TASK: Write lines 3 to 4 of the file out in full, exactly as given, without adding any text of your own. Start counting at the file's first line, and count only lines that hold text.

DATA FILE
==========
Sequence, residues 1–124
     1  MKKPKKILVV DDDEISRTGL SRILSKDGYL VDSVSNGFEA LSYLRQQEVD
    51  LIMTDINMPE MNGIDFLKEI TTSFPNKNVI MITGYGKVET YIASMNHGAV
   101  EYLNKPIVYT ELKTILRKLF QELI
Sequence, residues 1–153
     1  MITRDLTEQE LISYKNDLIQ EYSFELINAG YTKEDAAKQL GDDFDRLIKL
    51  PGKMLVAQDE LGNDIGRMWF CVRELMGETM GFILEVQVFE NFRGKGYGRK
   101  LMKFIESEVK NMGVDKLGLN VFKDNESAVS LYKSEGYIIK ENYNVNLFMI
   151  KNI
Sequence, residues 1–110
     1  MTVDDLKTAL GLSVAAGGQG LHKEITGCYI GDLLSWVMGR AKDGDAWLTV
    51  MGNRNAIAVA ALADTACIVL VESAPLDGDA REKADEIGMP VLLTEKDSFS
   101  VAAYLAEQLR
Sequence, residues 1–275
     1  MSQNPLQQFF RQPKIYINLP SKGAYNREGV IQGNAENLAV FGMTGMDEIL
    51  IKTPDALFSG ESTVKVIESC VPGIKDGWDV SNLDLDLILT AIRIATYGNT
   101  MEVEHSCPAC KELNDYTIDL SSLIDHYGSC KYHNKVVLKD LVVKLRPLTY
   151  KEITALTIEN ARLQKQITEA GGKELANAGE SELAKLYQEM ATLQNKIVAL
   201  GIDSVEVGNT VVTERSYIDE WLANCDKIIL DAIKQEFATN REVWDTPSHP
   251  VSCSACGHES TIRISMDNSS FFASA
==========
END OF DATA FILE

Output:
    51  LIMTDINMPE MNGIDFLKEI TTSFPNKNVI MITGYGKVET YIASMNHGAV
   101  EYLNKPIVYT ELKTILRKLF QELI